Although digital tutorials and online coding platforms are great tools, adding physical objects to the mix brings a new dimension to learning how to code. Yes, codable robots can help students learn to code, but more importantly the students are coding to learn.
Much of the earliest research around using physical objects as learning objects was conducted at MIT more than 50 years ago.
And as computing power has increased and become more affordable, access to codable robots for students has increased.
‘Visual’ representation of algorithms that may otherwise feel abstract can be learned by young children even before they learn to read. Codable robots can help students visualize mathematical concepts, and with the right prompt they can be used to help students develop science and engineering practices, also. They connect to many literacy standards, too.
Students in Waitsfield, Warren, and Fayston used their creativity, found and crafting materials to create a new character who glows. Plus, a fantasy habitat for that character.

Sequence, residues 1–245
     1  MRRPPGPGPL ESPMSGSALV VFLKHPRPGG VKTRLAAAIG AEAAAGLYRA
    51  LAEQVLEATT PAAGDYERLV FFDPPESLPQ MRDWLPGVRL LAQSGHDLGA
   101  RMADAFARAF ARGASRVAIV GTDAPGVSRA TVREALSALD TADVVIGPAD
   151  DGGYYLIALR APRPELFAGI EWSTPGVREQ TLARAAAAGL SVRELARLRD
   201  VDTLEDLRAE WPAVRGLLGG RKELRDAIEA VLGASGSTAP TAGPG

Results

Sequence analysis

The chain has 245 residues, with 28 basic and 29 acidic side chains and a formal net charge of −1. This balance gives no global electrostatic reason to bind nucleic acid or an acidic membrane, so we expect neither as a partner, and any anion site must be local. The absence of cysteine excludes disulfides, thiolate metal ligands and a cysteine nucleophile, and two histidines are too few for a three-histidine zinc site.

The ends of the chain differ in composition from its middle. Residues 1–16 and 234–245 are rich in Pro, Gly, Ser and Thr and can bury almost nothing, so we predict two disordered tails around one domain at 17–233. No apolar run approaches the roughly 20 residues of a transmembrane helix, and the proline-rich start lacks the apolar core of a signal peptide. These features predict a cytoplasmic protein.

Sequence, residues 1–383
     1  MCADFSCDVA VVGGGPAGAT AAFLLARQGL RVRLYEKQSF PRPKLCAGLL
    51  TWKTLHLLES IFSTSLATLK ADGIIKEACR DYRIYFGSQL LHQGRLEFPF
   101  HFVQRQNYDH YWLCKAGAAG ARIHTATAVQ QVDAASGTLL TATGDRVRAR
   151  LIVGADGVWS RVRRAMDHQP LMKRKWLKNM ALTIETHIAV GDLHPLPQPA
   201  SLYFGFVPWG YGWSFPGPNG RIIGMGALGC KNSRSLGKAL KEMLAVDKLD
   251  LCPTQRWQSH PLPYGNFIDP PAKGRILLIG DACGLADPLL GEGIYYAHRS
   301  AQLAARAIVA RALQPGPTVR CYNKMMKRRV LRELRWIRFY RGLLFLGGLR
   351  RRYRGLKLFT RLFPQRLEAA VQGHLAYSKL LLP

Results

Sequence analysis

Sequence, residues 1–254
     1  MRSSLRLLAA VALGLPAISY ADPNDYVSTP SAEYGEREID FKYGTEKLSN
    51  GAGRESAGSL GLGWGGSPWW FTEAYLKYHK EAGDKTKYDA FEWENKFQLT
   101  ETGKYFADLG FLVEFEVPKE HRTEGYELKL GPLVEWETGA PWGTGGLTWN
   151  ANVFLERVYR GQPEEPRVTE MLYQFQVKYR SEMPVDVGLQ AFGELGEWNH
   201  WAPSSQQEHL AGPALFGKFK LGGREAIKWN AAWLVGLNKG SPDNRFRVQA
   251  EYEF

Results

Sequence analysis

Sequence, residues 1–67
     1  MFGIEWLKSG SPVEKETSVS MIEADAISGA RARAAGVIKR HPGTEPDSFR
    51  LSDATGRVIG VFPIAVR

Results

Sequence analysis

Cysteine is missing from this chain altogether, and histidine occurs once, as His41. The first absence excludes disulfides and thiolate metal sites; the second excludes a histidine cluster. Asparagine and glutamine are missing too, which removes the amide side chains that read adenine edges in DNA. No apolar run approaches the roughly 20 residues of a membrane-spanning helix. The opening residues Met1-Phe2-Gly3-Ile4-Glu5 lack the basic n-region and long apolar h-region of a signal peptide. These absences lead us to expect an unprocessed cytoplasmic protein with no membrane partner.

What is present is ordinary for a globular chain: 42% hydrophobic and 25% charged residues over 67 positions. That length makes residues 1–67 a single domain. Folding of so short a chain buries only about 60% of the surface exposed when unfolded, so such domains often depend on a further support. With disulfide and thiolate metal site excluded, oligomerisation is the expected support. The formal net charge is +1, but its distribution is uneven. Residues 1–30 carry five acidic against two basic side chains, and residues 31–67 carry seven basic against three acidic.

The students placed their characters around a masking table grid, and then used code to help their Beebots travel to the different characters. As the students became more comfortable using code to direct the robots, they started to add obstacles for the robots to navigate around.
Students were invited to design their character that could glow and travel when placed on top of an Ozobot. Ozobot stations were available for the the students to test their creations. The students then used their characters as story prompt for their upcoming writing assignments.
These students at Shaftsbury Elementary School, in Shaftsbury VT, not only created characters and coded them to move and glow along a story arc, but also assembled simple circuits. They embedded the circuits in glowing book covers.
Does your school have codable robots? How are you using them to help students learning to code or code to learn? How are you integrating them into various disciplines?